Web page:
In previous posts, I've talked about the dichotomy between services and software inside Microsoft's business model. This (Wednesady) evening, Robert Scoble has pretty well confirmed what I was thinking - at least about witnessing a tipping point:
"Yesterday will be remembered not because of what we announced. But because of the direction were now headed in. Microsoft is no longer an applications company. It is a services company. Dont get caught up in the badly-pulled-off demos yesterday."
What I hesitated in declaring outright is the announcement validates the software service delivery model and tacit acceptance of the value delivered by 'free' software. This changes the way professionals will interact with clients. It is profound, it is deep. It leaves huge questions for those that have already invested in desktop applications, server infrastructures and the support paraphernalia that goes with it.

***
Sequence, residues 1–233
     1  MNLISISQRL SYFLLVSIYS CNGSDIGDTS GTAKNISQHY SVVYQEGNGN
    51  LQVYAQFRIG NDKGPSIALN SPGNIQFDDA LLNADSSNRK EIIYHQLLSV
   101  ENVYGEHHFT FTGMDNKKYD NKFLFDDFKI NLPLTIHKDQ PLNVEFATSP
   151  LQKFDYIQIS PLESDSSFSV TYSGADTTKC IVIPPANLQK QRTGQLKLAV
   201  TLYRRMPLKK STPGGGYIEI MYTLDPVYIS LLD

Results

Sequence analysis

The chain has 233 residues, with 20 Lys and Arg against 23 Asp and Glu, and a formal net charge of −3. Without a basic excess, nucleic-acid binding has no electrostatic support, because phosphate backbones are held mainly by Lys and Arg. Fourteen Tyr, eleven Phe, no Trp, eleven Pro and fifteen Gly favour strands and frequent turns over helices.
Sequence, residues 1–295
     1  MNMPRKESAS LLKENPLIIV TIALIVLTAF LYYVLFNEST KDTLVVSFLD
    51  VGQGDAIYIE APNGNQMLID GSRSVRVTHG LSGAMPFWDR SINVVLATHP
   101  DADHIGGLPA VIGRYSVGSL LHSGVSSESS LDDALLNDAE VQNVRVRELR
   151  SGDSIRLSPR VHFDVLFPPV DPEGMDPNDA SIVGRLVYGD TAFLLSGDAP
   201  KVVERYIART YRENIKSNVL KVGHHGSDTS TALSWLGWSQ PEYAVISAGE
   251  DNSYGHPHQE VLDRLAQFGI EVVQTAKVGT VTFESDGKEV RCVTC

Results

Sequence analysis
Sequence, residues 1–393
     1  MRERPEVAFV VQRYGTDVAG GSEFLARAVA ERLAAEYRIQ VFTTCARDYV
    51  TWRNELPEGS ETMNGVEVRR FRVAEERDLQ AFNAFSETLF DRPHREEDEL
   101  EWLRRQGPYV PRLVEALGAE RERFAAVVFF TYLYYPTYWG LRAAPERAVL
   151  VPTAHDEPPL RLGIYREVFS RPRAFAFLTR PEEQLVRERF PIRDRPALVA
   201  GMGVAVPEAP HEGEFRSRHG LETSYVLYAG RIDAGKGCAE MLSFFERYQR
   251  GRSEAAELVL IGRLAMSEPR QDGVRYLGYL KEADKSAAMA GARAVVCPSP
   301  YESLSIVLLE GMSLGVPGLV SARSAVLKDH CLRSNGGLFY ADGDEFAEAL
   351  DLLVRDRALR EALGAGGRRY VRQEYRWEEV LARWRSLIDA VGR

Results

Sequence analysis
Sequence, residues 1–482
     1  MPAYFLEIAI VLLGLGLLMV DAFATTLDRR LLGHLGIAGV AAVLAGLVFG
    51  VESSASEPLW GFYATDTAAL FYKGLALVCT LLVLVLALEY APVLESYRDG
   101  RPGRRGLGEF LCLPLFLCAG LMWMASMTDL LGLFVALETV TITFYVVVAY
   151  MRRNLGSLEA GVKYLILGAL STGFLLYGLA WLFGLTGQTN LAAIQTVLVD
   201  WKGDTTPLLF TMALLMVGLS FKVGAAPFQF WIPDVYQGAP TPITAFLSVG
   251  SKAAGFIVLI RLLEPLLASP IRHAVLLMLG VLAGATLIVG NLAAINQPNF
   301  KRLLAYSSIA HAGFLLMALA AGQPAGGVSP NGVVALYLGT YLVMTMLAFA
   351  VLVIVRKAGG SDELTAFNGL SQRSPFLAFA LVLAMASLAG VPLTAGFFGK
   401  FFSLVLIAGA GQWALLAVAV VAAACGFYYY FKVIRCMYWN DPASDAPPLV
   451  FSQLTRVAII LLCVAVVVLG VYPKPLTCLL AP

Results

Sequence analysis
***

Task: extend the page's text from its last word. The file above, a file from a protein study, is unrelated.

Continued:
How does Microsoft plan on explaining its position to the developer community? No idea. Equally worrying is Scoble's complete ignorance of problems in the transportation and logistics supply chain. That's because he's a dreamer and not a realist.
He wants to stay at the 'geek' end of the business. He may also be an idealist. But in the real world, idealists don't tend to have a good track record in making a turn. He may be right about the direction from a pragmatic perspective, but the fallout could be horrednous. For everyone.
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